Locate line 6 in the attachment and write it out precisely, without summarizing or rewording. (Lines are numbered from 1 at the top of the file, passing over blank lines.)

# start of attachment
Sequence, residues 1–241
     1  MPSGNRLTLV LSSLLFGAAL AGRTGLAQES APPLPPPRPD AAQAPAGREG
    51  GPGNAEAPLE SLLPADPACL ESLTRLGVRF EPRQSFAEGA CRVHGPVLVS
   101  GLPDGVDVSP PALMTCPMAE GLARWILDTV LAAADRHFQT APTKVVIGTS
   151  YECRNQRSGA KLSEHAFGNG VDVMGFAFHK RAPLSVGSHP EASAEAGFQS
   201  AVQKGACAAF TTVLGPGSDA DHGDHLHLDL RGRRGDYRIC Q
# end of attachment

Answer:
   201  AVQKGACAAF TTVLGPGSDA DHGDHLHLDL RGRRGDYRIC Q